The mighty Southeastern Conference has six schools in the Top 25, with Alabama and LSU atop the rankings and the toast of college football once again.
An impressive eight SEC teams have managed to break into the Top 25 this season.
But while it seems everyone in the SEC is enjoying success, that's not the case. The bottom half of the league has had some downright embarrassing moments.
Mississippi State coach Dan Mullen said even the SEC can't win every game.
"I know as a league, we have a lot of pride. We expect to win every game no matter what," Mullen said. "That's a good thing. But in today's college football, that's not always possible."
Not even when teams are playing at home.
Louisiana-Monroe went on the road and shocked Arkansas and had Auburn on the ropes while Western Kentucky stunned Kentucky in overtime in Lexington. Mississippi was crushed 66-31 by No. 14 Texas at home; the Rebels haven't given up that many points since 1917.
Vanderbilt's loss to Northwestern on the road was certainly disappointing for a program trying to build a better reputation under second-year coach James Franklin. Mississippi State barely escaped an upset at Troy.
But the surprising losses and close calls haven't done much damage to the SEC's reputation as it goes for a sixth straight BCS championship.
The six SEC teams in the Top 25 are more than any other conference. It seems when one SEC team drops out of the rankings, another pops in.
After Arkansas was knocked out, Tennessee moved up. Once the Vols fell out of the rankings, Mississippi State was there to take their place.
LSU center P.J. Lonergan said he's been surprised by some of the early season scores, but points out that underestimating any SEC opponent is a bad idea. The No. 2 Tigers travel to face Auburn on Saturday.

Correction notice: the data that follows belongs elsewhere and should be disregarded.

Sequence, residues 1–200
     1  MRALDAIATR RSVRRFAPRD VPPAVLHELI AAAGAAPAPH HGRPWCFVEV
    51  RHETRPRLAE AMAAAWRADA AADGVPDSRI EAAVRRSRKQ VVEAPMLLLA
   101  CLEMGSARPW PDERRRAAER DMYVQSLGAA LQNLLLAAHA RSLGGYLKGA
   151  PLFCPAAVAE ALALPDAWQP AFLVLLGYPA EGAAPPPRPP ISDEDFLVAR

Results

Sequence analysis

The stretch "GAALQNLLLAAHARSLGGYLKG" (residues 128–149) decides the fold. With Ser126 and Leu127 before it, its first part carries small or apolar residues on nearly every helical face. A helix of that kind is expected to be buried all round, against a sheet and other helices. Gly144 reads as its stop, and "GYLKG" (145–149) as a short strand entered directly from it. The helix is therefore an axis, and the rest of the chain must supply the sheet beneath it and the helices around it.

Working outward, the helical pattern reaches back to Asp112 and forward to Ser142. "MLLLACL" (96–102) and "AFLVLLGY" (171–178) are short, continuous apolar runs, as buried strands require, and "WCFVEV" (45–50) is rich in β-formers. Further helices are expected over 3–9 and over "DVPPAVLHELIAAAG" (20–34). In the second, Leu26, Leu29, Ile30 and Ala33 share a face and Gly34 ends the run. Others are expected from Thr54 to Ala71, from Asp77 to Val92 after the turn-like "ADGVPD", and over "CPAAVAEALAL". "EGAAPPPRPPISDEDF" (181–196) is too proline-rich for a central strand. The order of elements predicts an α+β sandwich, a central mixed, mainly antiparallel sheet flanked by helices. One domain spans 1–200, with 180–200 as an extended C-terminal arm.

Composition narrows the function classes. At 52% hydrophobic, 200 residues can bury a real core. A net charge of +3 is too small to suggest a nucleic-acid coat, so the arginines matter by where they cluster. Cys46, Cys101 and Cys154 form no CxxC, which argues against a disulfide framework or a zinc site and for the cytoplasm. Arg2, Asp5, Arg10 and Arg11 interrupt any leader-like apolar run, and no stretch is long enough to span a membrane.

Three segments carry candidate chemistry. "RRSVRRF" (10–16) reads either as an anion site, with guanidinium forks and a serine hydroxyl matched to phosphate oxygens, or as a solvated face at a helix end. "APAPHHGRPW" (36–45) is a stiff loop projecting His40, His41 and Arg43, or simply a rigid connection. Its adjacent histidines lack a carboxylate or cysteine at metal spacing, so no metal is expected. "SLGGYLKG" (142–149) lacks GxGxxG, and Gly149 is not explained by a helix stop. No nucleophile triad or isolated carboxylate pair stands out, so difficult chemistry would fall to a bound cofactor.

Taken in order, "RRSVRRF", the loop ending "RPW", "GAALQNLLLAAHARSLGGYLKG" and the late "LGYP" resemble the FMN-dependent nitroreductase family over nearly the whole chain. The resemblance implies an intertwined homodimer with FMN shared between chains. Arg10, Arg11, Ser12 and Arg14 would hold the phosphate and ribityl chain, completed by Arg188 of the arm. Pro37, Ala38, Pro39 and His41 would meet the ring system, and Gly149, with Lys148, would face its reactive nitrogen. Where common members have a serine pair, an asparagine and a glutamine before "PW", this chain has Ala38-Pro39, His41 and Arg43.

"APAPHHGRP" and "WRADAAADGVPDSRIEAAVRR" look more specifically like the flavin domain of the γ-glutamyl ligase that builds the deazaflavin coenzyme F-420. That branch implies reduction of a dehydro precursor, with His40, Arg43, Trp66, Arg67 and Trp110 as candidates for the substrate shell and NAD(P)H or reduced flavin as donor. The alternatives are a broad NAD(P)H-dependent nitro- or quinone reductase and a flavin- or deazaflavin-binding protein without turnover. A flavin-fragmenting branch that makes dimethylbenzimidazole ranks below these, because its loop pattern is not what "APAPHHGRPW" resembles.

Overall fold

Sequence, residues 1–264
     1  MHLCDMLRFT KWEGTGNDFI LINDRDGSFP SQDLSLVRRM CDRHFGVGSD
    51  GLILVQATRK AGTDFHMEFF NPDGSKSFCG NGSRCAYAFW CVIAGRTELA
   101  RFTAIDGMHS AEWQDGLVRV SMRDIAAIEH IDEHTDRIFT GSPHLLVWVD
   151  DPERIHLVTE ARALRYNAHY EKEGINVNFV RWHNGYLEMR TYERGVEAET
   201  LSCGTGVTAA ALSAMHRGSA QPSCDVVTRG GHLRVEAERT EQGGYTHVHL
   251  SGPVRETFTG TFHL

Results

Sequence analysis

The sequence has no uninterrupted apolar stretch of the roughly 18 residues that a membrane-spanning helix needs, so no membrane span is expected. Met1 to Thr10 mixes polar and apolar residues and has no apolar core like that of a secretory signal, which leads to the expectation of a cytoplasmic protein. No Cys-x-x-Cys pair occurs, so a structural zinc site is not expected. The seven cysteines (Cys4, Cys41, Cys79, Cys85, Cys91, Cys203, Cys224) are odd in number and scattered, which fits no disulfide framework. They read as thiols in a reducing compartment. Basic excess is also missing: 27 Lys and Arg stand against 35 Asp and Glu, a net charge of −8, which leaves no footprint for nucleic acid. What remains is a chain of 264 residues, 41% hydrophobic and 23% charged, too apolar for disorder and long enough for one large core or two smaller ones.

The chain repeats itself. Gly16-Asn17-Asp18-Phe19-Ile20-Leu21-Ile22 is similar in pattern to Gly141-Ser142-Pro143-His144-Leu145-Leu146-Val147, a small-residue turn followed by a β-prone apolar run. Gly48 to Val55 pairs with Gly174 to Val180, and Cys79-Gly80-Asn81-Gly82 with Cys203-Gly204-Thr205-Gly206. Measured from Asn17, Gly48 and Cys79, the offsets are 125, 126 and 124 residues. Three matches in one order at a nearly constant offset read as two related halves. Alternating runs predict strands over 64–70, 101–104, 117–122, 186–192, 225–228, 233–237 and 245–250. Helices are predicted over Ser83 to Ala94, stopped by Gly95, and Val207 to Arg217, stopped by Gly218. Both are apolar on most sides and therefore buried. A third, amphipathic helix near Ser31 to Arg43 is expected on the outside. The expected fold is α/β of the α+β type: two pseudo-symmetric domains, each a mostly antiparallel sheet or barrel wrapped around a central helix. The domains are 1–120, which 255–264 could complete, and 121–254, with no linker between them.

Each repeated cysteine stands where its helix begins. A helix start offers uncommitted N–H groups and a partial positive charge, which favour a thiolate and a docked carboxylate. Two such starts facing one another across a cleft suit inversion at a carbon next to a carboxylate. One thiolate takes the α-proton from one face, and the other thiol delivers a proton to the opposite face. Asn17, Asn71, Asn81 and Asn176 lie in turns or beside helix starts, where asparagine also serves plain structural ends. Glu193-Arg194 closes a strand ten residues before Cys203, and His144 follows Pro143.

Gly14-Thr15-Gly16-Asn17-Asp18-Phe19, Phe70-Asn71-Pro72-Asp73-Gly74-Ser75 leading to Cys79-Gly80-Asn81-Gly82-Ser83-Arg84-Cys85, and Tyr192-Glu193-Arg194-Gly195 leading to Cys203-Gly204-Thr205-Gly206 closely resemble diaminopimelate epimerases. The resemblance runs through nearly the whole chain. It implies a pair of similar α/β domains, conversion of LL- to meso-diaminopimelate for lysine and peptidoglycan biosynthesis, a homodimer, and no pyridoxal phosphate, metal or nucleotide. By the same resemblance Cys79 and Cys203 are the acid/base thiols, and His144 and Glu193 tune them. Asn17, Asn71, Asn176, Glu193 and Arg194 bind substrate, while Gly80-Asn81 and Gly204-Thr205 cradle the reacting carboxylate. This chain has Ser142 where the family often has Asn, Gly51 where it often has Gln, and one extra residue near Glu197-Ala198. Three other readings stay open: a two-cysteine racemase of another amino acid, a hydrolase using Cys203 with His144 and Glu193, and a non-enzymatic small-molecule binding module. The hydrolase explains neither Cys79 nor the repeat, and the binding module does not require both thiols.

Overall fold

"Arkansas losing to (Louisiana-Monroe) was unexpected. Auburn struggling has been unexpected," Lonergan said. "But I've been here for games against opponents when you are not pumped up for because you think they are not up to your level. You get a surprise.
"Everybody is good in the SEC. The record doesn't matter."
Maybe, but some are much better than others.
And the problems have contributed to the perception that the SEC is top heavy. Mullen disagrees.
"I think that's just football," the coach of the 23rd-ranked Bulldogs. "There's a lot more balance in college football than there used to be. There are very few teams who can just roll the ball out there and play. If you don't play well, you're probably not going to win the game and it really doesn't matter who is on the schedule."
Even most of the league's struggling teams seem to have reason for hope.
— Arkansas quarterback Tyler Wilson, who has been out since suffering a concussion against Louisiana-Monroe, is expected to return soon — though Wednesday morning he hadn't been medically cleared for contact. His presence will immediately make the Razorbacks a factor in all their remaining games.
— Ole Miss has proven to be one of the league's most explosive offensive teams, ranking second out of 14 teams with 500.7 total yards per game. The Rebels just have to find ways to stop opponents.
— Vanderbilt appears headed in the right direction even after the Northwestern loss. The Commodores nearly knocked off South Carolina in the season opener and have another chance to break through this weekend at Georgia.
— Kentucky has looked inept, but sophomore quarterback Maxwell Smith leads the league in passing, throwing for 966 yards, eight touchdowns and four touchdowns. The Wildcats are much like the Rebels in that an inexperienced defense is the main problem.
One problem for SEC teams that struggle is the poor performances are magnified by nearly flawless efforts by the league leaders. Alabama has outscored its first three opponents 128-14. LSU has a 145-31 advantage.
But Arkansas coach John L. Smith isn't complaining.
"I think it's good for the league," Smith said. "Again, anytime you have that power at the top ... We all strive to get there. I think it makes us all better — the entire league."
AP Sports Writers Kurt Voigt, Brett Martel, John Zenor and Gary Graves contributed to this story.
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